PMMI report highlights role for OEMs in achieving sustainability

May 28, 2020

It can be difficult to see the link between plastics processing machinery and sustainability. 

For machinery, it is all about tonnage and speed and roll width and throughputs. Everything is precise and measurable. For sustainability, it is about reduction and recyclability. Sustainability can be a difficult concept to get your arms around and even more difficult to measure. 

But plastics processing machinery buyers are starting to think about sustainability when choosing new equipment, according to a report from PMMI Business Intelligence, the research arm of PMMI, the Association for Packaging and Processing TechnologiesThe trade group is headquartered in Herndon, Va. 

The report, published in March, is titled “Packaging Sustainability: A Changing Landscape.” 

PMMI Business Intelligence surveyed 60 executives of companies in the consumer packaged goods (CPG) sector. CPG are items that are used daily by average consumers that require routine replacement or replenishment such as food, beverages, clothes, tobacco, makeup and household products. Plastic is the leading material for CPG packaging, according to a new report from the Plastics Industry Association (see story, Page 48). 

About 25 percent of the executives said they make machine purchases or modifications specifically to address packaging sustainability goals. “Solutions such as integrated monitoring and more flexible machinery can improve packaging operations with improvements to overall equipment effectiveness or by offering less waste,” according to the report. 

While the PMMI report deals only with packaging machinery and lines, the five desirable improvements it lists could benefit other plastics processing sectors.  Here they are, using the explanations from the report’s executive summary. 

  • Reliability. Machines need to reliably handle a wide range of substrates, sizes and shapes. When making adjustments on any part of the machine, there should be an indicator that signals parameters have been accurately achieved. 
  • Flexibility. Equipment must account for material variances as the trend of lightweighting continues to grow. In general, new machines need to be easier to use, service and clean. 
  • Automated changeover. Machines need more precise settings to achieve greater accuracy when moving from SKU to SKUwhich could include material or size changes. Strive to standardize and simplify changeover procedures. 
  • Cleanability. Cleanability is top of mind. Manufacturers want machines that use less water and fewer chemicals while still meeting hygienic standards.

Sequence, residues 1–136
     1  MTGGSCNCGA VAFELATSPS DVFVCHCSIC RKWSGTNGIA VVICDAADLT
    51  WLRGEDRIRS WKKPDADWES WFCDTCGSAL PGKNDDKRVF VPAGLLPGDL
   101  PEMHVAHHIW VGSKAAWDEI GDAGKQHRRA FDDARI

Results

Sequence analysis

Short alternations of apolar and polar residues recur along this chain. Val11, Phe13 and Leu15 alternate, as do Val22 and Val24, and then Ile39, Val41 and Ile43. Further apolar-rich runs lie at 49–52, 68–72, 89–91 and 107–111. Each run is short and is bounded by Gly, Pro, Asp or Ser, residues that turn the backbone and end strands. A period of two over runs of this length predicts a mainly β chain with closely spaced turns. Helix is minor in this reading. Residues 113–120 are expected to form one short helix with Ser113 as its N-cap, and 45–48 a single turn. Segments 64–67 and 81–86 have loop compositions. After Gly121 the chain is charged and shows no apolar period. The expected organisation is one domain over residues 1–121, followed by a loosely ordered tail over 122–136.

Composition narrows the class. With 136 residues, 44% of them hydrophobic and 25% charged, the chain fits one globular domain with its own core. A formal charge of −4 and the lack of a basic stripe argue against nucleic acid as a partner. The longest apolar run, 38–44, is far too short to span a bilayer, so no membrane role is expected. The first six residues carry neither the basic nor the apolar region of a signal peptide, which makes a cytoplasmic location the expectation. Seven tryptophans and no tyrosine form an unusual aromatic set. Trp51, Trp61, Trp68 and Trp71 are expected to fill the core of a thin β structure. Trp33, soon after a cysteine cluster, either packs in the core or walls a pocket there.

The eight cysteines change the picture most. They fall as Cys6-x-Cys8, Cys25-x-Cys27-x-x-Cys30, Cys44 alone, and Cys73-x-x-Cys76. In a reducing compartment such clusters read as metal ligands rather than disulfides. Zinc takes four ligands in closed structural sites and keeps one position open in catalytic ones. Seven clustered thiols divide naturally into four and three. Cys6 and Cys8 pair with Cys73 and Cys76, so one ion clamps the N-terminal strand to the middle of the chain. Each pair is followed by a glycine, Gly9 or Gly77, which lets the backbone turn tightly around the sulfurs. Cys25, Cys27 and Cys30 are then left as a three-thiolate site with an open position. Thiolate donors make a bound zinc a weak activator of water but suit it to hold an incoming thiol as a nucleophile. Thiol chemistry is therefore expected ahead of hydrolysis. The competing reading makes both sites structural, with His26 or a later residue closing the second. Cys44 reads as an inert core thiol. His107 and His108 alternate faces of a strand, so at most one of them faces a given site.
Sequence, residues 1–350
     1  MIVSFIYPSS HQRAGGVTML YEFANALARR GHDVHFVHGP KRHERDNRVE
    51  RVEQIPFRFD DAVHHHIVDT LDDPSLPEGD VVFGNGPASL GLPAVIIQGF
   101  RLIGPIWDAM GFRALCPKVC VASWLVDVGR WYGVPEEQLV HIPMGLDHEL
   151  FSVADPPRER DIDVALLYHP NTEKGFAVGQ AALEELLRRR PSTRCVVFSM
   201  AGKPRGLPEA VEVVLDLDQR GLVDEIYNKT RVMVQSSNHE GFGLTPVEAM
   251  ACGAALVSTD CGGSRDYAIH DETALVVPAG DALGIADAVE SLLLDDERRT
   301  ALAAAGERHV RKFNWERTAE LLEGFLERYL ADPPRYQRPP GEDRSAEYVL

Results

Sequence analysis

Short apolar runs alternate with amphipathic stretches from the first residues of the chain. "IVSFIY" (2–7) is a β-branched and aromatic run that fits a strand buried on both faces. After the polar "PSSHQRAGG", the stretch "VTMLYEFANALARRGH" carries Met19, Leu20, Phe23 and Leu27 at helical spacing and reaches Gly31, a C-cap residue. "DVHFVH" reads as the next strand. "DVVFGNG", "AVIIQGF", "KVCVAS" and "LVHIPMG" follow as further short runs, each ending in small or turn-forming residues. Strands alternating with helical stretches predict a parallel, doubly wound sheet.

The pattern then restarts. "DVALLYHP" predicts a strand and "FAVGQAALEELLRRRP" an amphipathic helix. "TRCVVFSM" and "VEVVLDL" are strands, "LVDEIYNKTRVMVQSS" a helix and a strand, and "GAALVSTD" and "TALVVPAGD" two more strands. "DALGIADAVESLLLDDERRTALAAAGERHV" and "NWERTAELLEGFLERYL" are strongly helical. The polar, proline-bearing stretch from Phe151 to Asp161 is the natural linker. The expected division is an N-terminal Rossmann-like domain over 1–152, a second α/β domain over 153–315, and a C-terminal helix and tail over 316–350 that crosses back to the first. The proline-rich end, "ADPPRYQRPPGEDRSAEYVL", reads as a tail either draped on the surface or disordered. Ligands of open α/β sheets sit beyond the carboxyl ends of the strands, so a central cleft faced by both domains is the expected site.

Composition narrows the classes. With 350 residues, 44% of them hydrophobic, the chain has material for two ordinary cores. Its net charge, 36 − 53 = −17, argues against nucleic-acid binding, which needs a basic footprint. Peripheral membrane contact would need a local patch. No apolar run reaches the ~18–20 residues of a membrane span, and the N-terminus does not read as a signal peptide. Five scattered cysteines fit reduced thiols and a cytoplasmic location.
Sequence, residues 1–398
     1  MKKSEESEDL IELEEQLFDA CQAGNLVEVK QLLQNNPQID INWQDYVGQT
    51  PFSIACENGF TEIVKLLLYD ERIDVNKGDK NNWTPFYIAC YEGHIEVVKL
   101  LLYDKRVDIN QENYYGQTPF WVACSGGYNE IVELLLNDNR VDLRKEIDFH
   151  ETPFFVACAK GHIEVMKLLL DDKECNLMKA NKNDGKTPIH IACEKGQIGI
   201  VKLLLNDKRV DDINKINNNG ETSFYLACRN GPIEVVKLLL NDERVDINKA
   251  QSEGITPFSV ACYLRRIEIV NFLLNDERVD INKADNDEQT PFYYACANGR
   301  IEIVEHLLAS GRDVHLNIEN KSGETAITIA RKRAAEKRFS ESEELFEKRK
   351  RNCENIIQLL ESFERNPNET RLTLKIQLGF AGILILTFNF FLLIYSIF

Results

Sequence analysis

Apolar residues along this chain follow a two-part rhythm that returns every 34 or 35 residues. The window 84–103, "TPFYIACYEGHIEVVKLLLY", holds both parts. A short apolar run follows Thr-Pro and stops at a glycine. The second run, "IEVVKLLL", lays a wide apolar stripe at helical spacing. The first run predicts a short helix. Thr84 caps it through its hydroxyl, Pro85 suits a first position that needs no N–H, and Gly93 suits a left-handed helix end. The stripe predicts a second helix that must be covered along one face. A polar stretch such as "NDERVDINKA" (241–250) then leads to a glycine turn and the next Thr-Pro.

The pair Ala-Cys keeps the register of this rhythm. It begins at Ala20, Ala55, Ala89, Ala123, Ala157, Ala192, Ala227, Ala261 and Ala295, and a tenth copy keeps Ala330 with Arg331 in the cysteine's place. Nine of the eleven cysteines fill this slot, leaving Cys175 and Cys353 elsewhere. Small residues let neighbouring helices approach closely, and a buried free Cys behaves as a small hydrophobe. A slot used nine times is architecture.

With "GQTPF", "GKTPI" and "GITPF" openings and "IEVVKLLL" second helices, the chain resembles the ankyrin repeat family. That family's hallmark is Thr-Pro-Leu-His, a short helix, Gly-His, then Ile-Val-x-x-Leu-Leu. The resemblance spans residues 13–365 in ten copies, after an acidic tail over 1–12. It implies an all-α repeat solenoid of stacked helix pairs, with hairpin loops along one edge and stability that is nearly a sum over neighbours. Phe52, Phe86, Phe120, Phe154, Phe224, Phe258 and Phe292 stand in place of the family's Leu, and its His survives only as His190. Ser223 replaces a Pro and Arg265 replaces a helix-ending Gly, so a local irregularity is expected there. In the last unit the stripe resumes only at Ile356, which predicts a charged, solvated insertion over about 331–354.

• Sensor feedback. Improved online sensors are needed to monitor scrap levelsprovide predictiveand preventative-maintenance alerts; track quality; measure yieldtrack energy and water consumption; and monitor temperature, time and pressure. 

The ability to use more post-consumer resin content was a recurring theme among the CPG manufacturers. 

To help their customers eliminate waste and meet sustainability goals, machinery makers have to continue developing primary and auxiliary equipment that is smarter and easier to use. That is the contribution machinery builders can make to the circular economy. 

The entire report on changes in sustainable packaging is available for purchase on the PMMI website at 

I believe in NPE 

Companies that spend hundreds of thousands of dollars or more to exhibit at NPE are understandably nervous about how the COVID-19 pandemic will impact NPE2021. Will the show go on? Will the attendees come? 

We may not be shaking hands, but I believe we will greet each other in Orlando next year and marvel at the technology on display. 

I don’t have inside information, but the show is a year away and I believe we will have this virus under control and business will return by then. 

Susan Krys, the Plastics Industry AssociationVP for trade shows, sent an upbeat letter to the more than 1,100 exhibitors in late March. 

“We anticipate that things will turn around in the coming months, leading up to an especially vibrant and necessary NPE2021 that will provide the entire industry a platform to recapture lost revenue and business opportunities, and the chance to see colleagues and old friends once again,” she wrote.  

NPE2021 will have to operate under whatever rules and best practices the state of Florida, Orange County and the Orange County Convention Center dictate for next May. Too much will happen between now and then to know now what those rules will be. 

I attended Chinaplas during the SARS pandemic in 2003 and other than having to queue up to have their temperatures taken when they entered the exhibit hall each morning or while going between halls during the day, showgoers adapted and business was accomplished.  

We can bump elbows when we meet in Orlando. 

Ron Shinn, editor

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